Panasonic embraces the power of partnerships to drive green innovation

Japanese electronics firm Panasonic has ramped up its involvement in the low-carbon agenda, forming two new collaborative partnerships with automaker Tesla and energy management solutions provider Schneider electric to develop new solar PV cells and smart building technology.

The company, which recorded €56bn (£51bn) sales last year, last week announced  its work with Schneider to bring to market a new energy management system for commercial buildings, and then yesterday (16 October) entered into a non-binding letter of intent with Tesla to manufacture and produce PV cells in the US.

The Schneider partnership will offer up “new levels” of heating, ventilation and air conditioning (HVAC) control and energy efficiency, according to a press statement. The two companies have developed a new wireless system which enables communication between Schneider Electric’s building management system and room controllers with Panasonic’s variable refrigerant flow (VRF)-based HVAC systems.

This integration allows building owners and managers to view all of their core building systems – including HVAC equipment, lighting, security, power and electrical distribution – anytime and anywhere via a single interface. It also delivers actionable insights to reduce energy consumption and drive savings.

“We have invested heavily in our commercial and residential air conditioning products and support services to fully address our customers’ needs and are excited to deliver additional benefits in building energy management through our partnership with Schneider Electric,” said Toshiyuki Takagi, executive officer of Panasonic Corporation and president of Panasonic Air-Conditioner.

“By combining the power of building management with cutting-edge VRF technology, we are able to help our customers further reduce capital and operating expenditures and reach new levels of sustainability.”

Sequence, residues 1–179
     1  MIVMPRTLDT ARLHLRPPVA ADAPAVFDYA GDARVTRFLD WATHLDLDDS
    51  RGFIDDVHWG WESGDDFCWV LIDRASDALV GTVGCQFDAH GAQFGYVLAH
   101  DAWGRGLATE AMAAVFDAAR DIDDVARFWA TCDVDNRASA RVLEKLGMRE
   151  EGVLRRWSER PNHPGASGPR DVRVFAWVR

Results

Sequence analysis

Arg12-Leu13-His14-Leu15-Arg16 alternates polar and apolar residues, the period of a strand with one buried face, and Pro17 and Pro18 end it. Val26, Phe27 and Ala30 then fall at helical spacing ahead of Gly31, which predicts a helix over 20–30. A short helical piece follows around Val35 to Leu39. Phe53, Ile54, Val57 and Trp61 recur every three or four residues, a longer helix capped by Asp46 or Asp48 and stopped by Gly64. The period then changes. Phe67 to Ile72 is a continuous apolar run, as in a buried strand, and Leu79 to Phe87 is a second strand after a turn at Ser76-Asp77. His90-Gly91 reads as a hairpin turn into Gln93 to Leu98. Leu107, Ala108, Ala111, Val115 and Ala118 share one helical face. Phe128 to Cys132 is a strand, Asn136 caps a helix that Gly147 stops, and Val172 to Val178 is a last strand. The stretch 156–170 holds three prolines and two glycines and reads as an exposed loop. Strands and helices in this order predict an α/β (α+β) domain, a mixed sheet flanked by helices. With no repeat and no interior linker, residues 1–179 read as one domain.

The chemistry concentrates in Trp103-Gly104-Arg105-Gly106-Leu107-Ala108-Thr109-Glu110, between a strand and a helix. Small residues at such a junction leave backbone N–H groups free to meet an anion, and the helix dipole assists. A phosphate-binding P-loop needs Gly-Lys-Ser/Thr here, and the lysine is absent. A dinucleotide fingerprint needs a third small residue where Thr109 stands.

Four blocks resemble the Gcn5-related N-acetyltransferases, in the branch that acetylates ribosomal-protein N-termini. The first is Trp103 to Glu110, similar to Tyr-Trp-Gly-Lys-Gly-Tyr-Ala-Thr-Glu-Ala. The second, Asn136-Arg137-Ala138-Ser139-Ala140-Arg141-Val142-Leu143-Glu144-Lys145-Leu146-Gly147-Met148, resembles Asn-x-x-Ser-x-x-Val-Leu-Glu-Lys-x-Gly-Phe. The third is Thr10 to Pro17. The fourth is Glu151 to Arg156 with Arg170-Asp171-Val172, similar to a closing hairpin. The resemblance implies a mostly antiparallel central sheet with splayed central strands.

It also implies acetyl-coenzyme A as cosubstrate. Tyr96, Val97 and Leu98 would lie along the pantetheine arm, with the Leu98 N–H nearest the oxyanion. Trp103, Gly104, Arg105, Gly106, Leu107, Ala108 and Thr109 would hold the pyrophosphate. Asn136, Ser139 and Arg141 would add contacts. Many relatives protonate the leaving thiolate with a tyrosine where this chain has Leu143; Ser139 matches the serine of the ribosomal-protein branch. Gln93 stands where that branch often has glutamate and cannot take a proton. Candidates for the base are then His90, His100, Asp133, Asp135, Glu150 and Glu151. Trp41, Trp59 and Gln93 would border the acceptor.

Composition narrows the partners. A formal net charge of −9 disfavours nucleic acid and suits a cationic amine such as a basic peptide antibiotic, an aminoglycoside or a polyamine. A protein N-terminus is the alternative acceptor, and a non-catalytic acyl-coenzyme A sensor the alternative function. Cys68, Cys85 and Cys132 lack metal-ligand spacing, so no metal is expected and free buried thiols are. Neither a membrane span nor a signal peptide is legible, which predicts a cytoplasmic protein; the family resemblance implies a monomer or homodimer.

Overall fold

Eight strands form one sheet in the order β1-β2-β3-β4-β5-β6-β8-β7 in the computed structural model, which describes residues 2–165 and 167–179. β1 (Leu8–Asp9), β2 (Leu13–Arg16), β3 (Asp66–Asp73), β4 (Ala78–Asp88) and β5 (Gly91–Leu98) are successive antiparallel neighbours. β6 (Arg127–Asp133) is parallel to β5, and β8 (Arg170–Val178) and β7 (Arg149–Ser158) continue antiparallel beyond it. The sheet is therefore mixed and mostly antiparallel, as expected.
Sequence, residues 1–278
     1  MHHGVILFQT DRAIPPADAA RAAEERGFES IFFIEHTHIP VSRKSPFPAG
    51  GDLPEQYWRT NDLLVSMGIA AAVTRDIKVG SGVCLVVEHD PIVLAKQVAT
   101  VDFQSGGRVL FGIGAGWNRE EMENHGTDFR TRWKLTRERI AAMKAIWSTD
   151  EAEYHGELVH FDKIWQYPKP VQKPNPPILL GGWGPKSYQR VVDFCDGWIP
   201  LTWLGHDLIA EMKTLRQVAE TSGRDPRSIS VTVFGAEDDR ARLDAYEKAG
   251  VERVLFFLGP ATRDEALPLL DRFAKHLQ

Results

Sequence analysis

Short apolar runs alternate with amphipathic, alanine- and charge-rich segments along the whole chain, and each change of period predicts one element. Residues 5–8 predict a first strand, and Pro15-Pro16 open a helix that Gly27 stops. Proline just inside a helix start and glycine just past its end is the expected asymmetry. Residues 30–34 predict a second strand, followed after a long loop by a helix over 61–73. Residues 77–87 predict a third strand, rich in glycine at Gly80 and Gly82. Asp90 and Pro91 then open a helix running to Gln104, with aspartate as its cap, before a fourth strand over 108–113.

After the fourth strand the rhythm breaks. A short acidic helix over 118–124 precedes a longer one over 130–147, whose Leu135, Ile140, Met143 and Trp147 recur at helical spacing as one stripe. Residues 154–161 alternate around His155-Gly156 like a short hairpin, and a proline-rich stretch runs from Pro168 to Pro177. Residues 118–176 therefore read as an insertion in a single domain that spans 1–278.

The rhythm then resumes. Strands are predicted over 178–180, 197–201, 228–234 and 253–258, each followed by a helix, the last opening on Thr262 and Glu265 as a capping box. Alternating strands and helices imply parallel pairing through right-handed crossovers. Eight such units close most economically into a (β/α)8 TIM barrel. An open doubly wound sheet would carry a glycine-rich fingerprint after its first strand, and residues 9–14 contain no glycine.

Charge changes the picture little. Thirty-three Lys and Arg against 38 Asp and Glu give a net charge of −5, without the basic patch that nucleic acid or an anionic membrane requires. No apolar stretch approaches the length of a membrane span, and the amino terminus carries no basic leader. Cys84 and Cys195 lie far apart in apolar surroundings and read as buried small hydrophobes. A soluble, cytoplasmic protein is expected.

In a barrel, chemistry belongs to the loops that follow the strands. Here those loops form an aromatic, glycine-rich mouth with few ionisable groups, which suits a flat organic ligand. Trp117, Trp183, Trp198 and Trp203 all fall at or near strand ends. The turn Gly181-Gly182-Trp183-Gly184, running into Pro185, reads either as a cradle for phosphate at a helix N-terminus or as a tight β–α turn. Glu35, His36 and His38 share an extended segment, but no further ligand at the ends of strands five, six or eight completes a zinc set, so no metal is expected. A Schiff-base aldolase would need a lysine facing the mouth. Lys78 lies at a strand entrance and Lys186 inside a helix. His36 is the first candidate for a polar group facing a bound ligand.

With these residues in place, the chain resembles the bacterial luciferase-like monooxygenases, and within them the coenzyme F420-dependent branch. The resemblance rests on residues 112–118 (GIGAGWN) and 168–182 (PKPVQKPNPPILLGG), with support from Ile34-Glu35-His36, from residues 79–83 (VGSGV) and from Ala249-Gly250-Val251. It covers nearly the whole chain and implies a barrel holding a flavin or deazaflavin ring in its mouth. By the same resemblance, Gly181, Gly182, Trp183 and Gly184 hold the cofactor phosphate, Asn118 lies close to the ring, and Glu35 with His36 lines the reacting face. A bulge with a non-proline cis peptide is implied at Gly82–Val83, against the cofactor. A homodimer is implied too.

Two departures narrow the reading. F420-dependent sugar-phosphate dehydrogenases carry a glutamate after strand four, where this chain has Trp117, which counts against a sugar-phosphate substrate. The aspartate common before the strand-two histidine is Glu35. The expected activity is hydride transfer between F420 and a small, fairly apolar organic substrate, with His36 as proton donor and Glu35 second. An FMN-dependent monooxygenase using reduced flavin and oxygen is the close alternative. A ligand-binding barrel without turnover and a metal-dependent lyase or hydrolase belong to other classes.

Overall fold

VRF-based HVAC systems are becoming increasingly popular in commercial buildings because of their ability to operate at variable speeds using inverter technology, instead of a traditional ‘on/off’ operation, which drives significant energy savings.

Tesla’s solar storage

Meanwhile, Panasonic’s partnership with Tesla – which is contingent upon shareholders’ approval of Tesla’s acquisition of SolarCity – will see Tesla use cells and modules manufactured by Panasonic in a solar energy system that will work  with Tesla’s energy storage products Powerwall and Powerpack for residential, commercial and grid-scale customers.

According to a press statement about the partnership on Tesla’s website, the parties intend for Panasonic to begin PV cell and module production at a new facility in Buffalo from next year.

Panasonic’s vice-president of the Eco Solutions Company Shuuji Okayama said: “Panasonic PV cells and modules boast industry-leading power generation performance, and achieve high quality and reliability. We expect that the collaboration talks will lead to growth of the Tesla and Panasonic relationship.”

Tesla’s chief technical officer and co-founder JB Straubel added: “We are excited to expand our partnership with Panasonic as we move towards a combined Tesla and SolarCity. By working together on solar, we will be able to accelerate production of high-efficiency, extremely reliable solar cells and modules at the best cost.”

The collaboration extends an established relationship between Tesla and Panasonic, which includes the production of electric vehicle and grid storage battery cells at Tesla’s Gigafactory.

Luke Nicholls

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